Lessons I Have Revisited This Week

For a while, I was writing everyday on this platform. Recently, life has gotten busy and I shifted my focus to more organized blog entries than random posts.

So I slowed my writing down to times when I am rested and focused— which sometimes isn’t that often. But seriously, this week brought me great joy and also sorrow. In those emotions, I revisited some favorite life lessons. Many, but not all, involve cats.

First, there is Louise, the freshly amputee cat. She spent two weeks under my bed. Probably still confused and uncomfortable from her surgery, but also scared and scarred from her experiences before someone contacted Feline Urban Rescue and Rehab to get this injured apparent stray some help— both material and medical.

After two weeks under my bed, she’s trusting me. She’s super affectionate, cuddly, purrs like a machine and playful. She’s gentle and sweet and doesn’t have a mean bone in her body.

Louise tested my patience and rewarded me with her love.

Hermes, yes another foster, got adopted yesterday. He came to us as a very sick kitten on July 31, 2020 as part of the Greek Pride. His sister Hades sent me to the hospital. But that’s another story.

Hermes was terrified of human hands for most of his life, and he’s still a quirky cat. His new family knows his flaws, but they are confident that he should be their cat.

Hermes reminded me that some growth is slow, but can transform everything about how you live your life. And that we are all on a different timeline.

Touch of Grey, a four-year-old owner surrender, has been with us about two weeks because of her tendency to be bitchy and nasty. She’s been an angel with us, even going so far as to try and convince Hermes’ parents to take her home instead.

Sometimes we only thrive in certain environments. What nurtures me might not work for you.

The hardest part of this week was caring for the Ten Little Kittens who were starving and probably have distemper. Only two survived the week. (More on that here: Ten Tiny Kittens) To see some kitten cuteness: Parker Playing.

Sometimes there is beauty and divinity in the briefest of lives, and knowing you did something, even if it leads to heartache, is better than doing nothing.

Okay. No more cats. I had a conversation with someone whom I’m known for a long time— decades. She has had a good career with the same employer the entire time I’ve known her. She’s my age. She asked where I landed after last year’s job loss. I mentioned the Stitch Fix warehouse and expected the conversation to drop or to get that sense I get from people that my job makes me less important or less of a person now.

Instead, she asked if we were hiring and if I thought it was a good job. I explained the pay, the good and the bad. Apparently she has no holiday pay, no paid time off, and ten hour days. Her job is taking a toll on her body and she just wants to move on.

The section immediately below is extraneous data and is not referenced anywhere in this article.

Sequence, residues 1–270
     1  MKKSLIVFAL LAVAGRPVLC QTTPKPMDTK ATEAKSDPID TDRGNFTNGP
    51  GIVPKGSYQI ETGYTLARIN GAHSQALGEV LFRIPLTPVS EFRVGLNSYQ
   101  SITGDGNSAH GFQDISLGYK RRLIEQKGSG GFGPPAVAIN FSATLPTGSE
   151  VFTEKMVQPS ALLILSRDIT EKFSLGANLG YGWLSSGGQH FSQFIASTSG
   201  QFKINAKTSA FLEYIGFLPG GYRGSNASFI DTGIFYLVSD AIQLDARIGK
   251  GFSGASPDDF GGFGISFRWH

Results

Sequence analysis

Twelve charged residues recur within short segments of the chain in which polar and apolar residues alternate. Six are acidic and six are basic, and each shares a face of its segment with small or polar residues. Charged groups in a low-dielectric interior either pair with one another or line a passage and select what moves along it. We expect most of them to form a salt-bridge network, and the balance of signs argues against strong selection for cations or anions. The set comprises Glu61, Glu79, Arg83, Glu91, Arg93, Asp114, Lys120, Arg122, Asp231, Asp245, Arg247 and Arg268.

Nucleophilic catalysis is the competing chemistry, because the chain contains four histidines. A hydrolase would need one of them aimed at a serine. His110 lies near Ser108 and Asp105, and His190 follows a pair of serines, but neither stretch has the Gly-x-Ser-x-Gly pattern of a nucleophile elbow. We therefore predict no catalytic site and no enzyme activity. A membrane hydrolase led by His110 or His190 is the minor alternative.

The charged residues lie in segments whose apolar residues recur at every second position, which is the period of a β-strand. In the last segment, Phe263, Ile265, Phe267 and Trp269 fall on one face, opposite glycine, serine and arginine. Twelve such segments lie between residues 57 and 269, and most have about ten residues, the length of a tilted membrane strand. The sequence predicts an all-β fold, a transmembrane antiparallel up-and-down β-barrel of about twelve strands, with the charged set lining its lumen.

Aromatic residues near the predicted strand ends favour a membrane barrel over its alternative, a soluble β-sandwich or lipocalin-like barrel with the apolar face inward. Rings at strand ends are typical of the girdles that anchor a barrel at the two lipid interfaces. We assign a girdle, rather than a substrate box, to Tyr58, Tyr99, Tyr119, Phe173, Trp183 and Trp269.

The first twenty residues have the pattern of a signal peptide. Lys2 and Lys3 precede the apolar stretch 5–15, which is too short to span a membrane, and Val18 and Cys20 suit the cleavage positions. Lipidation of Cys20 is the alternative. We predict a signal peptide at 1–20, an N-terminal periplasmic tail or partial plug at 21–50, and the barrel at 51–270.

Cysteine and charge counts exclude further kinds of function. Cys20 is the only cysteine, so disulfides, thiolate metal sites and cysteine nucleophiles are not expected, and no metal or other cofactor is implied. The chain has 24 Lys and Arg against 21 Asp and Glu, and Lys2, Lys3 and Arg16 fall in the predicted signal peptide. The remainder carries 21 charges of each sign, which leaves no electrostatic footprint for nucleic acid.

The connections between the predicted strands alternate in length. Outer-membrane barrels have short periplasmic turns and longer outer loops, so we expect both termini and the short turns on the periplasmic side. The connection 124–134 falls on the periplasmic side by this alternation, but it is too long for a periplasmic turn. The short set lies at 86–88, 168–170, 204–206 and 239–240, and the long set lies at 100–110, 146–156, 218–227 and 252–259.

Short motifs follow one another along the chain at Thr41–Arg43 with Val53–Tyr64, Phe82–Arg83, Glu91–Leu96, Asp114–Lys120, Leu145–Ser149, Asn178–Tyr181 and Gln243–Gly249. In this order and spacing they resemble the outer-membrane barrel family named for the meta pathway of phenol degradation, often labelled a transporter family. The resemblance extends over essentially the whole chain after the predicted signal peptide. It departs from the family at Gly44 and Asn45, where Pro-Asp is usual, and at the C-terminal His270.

This country places too much emphasis on our jobs and careers as the definition of who we are. And it’s upsetting how basic quality of life items like health care and paid time off are regulated by/ reliant on corporations and small business owners. Your worth is not based on your occupation.

I went to the diner last night to have pancakes and see the charming teenager #1 at work. One of her regulars asked her to help with his dogs so he and I have been talking. He’s a conservative Christian Trump supporter and I am a liberal with socialist leanings. I told him right off we probably had very different opinions on a lot of issues. But we had a polite discussion and did not attack each other.

Listening and sharing information has to be a polite and earnest exchange. People can have different opinions but respect each other and, even so, cooperate.

Crazy Cat Lady Update: Checking in on the FURR fosters

I have been trying to jot down this entry for at least 24 hours. We got the exciting news that Hermes has an approved adoption application!

His new parents found him on Petfinder and will be coming to get him next weekend. They live north of the Bronx and fell in love with him via photos and YouTube videos.

And this cat who once wouldn’t let you touch him now let me hold him!

Not a flattering photo but proves my point.

Handsome Hermes of the Greek Pride

Hermes just turned one. He is the last of our Greek Pride litter, which was our first litter fostering with FURR (Feline Urban Rescue and Rehab).

His sister Hades bit me and I ended up in the hospital. She eventually went to a barn home. Of the 12 kittens we’ve fostered, she was the only one that would not be domesticated.

Their brother Artemus got adopted first (by Jim West— yes like Wild Wild West). Apollo and Zeus were adopted together.

The Roman Pride and The Norse Pride came within a week or two of each other. The Norse Pride kittens were long-haired and found homes quickly because they were so goofy and lovable. They would have gone even quicker had they not contracted ringworm and then I contracted Covid.

The Norse Pride

Vesta of the Roman Pride found a home first. Those kittens are all tuxedoes. Jupiter is being adopted today. Mars and Minerva are still at Petco in Phillipsburg, N.J.

Two weeks ago tomorrow we got foster Louise, an adult cat of the sweetest, gentlest temperament. She had her leg amputated the first week of March and gets spooked very easily. She likes to hang out under my bed.

Louise

And today we took on Touch of Grey. She looks a lot like Louise. She can be moody, we are told. So we’ll do our best to win her trust.

Some of these cats have seen and been through so much.

Touch of Grey

Maybe next time I’ll do a brief update of our actual pets…

Cats and kittens available through FURR are listed on their website: http://www.felineurbanrescueandrehab.org